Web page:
Wednesday May 15, 2013
Many people practice origami as a way to relieve stress, but Philip Durst has taken his paper folding hobby to the next level by showing a piece called "High and Lonesome" at Michael Mitchell Gallery in Charleston. This three-dimensional work is made of origami boats folded from Dum Dum wrappers and glued to the pages of old legal texts. It will be on view until mid-August.
Durst became interested in origami as a way to express his creativity and break up the rigidity of his law practice. He's even managed to combine his work as as an attorney with his passion for origami by working on his pieces while sitting through the long, often-tedious meetings that are a part of any law practice.
Durst primarily works with found papers in his origami art, so he often makes a trip to the local 7-Eleven instead of stopping at a craft store to buy origami paper. He says he eats the candy first, but points out that Dum Dum lollipops has given him bits of labels straight from their factories.
You can learn more about Durst's artwork on the Michael Mitchell Gallery website.
Monday May 13, 2013
The Origami Poems Project is using paper folding to make poetry more accessible to the general public. Lynnie Gobeille and Jan Keough, co-founders of the project, print poems on origami booklets folded from a single sheet of paper and then distribute the booklets for free by placing them inside weather-resistant plexiglass boxes with signs. The goal is to provide exposure for up and coming poets while helping to make the general public more interested in reading poetry. Each micro-chapbook has between one and five poems.
The Origami Poems Project is a Domestic Non-Profit Corporation registered in the State of Rhode Island. The group is currently awaiting a federal non-profit designation.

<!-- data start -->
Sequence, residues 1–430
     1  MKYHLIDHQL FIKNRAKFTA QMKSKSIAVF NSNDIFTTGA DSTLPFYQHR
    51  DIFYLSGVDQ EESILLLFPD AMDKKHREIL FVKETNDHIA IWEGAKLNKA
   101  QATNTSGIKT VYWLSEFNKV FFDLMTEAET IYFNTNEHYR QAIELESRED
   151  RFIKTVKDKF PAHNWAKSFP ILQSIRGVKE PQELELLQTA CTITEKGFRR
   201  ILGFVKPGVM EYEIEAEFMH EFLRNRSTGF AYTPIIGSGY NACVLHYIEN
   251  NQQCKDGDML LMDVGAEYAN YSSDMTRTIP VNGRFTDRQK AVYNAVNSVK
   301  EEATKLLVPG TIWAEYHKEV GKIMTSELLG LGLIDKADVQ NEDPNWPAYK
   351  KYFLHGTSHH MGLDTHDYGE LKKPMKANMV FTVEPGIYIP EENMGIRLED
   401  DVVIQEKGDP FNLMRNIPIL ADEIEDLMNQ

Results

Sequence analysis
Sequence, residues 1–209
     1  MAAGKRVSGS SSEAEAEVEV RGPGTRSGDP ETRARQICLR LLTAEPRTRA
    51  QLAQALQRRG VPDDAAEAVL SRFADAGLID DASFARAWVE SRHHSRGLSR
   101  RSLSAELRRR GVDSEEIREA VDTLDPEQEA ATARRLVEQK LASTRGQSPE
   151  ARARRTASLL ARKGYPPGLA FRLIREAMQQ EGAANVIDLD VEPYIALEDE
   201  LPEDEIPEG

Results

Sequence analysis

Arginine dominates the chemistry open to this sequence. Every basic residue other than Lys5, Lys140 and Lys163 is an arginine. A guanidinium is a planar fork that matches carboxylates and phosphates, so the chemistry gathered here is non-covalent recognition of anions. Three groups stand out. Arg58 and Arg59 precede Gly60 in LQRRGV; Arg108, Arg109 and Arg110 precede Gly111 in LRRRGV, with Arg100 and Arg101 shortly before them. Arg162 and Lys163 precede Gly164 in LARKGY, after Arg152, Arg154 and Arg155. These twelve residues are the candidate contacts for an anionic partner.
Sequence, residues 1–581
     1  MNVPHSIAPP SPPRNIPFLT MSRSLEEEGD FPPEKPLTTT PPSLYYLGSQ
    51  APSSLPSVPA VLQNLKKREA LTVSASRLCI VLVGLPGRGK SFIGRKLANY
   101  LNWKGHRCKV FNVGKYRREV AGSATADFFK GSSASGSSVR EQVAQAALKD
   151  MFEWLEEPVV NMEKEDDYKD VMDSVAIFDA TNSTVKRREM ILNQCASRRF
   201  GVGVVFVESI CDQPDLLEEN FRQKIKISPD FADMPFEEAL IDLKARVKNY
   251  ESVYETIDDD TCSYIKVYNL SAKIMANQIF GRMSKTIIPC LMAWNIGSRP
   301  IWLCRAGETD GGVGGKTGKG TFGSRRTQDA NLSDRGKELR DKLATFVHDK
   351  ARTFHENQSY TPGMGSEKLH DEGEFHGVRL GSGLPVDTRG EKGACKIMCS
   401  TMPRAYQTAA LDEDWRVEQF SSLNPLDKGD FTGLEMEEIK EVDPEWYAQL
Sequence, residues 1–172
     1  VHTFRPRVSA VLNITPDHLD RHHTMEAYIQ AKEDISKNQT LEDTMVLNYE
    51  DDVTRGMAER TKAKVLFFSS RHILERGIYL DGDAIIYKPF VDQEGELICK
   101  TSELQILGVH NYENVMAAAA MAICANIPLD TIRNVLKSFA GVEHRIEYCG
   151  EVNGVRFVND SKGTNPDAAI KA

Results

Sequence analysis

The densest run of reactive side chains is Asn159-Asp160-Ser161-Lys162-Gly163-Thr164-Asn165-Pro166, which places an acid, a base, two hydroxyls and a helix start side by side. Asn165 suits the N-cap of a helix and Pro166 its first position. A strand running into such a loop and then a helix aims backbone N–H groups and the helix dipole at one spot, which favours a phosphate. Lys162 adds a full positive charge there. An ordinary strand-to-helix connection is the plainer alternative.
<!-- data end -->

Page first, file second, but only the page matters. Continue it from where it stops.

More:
You can learn more about this innovative effort to get people excited about poetry by visiting the Origami Poems website. To learn how to fold your own tiny poetry book, review About Origami's How to Make a Booklet tutorial.
Photo courtesy of Dana Hinders.
Thursday May 9, 2013
Beginning paper folders often think of origami as something that is purely decorative, but many models are both beautiful and functional. Origami boxes are some of the most practical projects around.
Check out our Different Types of Origami Boxes sideshow for examples and step-by-step instructions for several different types of origami boxes. This month, I challenge you to come up with a creative way to use origami boxes for gift giving, entertaining, or organizing. Email your ideas to me at email@example.com.
Photo courtesy of Dana Hinders.
Monday May 6, 2013
Origami, in addition to being a fun way to express your creativity, can also help you make a difference in the world around you. Recently, the Kent Reporter ran a story detailing how entrepreneur Lindy Styer is using her love of origami to provide employment opportunities for disabled people throughout Washington's South King County. Styer's company, FunFoldables, sells clever origami designs that serve as sleeves for two blank notecards. This encourages the recipient to regift the card for use as an ornament or gift tag.
Styer contracts with CenterForce, a private nonprofit in Lakewood, to hire and train disabled workers to package and fold the cards. The workers are able to take steps towards becoming more self sufficient, while Styer's customers get to enjoy a wider range of beautifully folded origami stationery products.
If you'd like to purchase one of Styer's origami kits, visit the FunFoldables website for more information. Personally, I think the undies would be adorable as part of a baby shower gift.